Lauric acid is an inhibitor of Clostridium difficile growth in vitro and reduces inflammation in a mouse infection model

Hsiao Ting Yang, Jenn Wei Chen, Jagat Rathod, Yu Zhen Jiang, Pei Jane Tsai, Yuan Pin Hung, Wen Chien Ko, Daniel Paredes-Sabja, I. Hsiu Huang

Research output: Contribution to journalArticlepeer-review

71 Citations (Scopus)


Clostridium difficile is a Gram-positive, spore-forming anaerobic human gastrointestinal pathogen. C. difficile infection (CDI) is a major health concern worldwide, with symptoms ranging from diarrhea to pseudomembranous colitis, toxic megacolon, sepsis, and death. CDI onset and progression are mostly caused by intestinal dysbiosis and exposure to C. difficile spores. Current treatment strategies include antibiotics; however, antibiotic use is often associated with high recurrence rates and an increased risk of antibiotic resistance. Medium-chain fatty acids (MCFAs) have been revealed to inhibit the growth of multiple human bacterial pathogens. Components of coconut oil, which include lauric acid, have been revealed to inhibit C. difficile growth in vitro. In this study, we demonstrated that lauric acid exhibits potent antimicrobial activities against multiple toxigenic C. difficile isolates in vitro. The inhibitory effect of lauric acid is partly due to reactive oxygen species (ROS) generation and cell membrane damage. The administration of lauric acid considerably reduced biofilm formation and preformed biofilms in a dose-dependent manner. Importantly, in a mouse infection model, lauric acid pretreatment reduced CDI symptoms and proinflammatory cytokine production. Our combined results suggest that the naturally occurring MCFA lauric acid is a novel C. difficile inhibitor and is useful in the development of an alternative or adjunctive treatment for CDI.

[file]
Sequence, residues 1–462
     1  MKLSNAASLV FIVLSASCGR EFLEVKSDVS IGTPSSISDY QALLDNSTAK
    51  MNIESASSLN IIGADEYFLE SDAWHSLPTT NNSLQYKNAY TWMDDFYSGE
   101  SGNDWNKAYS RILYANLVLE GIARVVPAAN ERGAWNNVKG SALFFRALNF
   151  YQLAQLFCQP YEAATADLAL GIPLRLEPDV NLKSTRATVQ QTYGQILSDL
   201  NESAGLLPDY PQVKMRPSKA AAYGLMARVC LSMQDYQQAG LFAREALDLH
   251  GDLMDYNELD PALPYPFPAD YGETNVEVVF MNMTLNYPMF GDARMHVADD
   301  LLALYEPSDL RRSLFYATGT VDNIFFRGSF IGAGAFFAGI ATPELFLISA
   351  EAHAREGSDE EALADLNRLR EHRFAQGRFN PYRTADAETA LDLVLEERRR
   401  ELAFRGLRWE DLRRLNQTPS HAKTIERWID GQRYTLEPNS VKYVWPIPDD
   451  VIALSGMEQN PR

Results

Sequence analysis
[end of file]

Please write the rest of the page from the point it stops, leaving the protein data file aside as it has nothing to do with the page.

Original languageEnglish
Article number2635
JournalFrontiers in Microbiology
Issue numberJAN
Publication statusPublished - 2018 Jan 17

All Science Journal Classification (ASJC) codes

  • Microbiology
  • Microbiology (medical)


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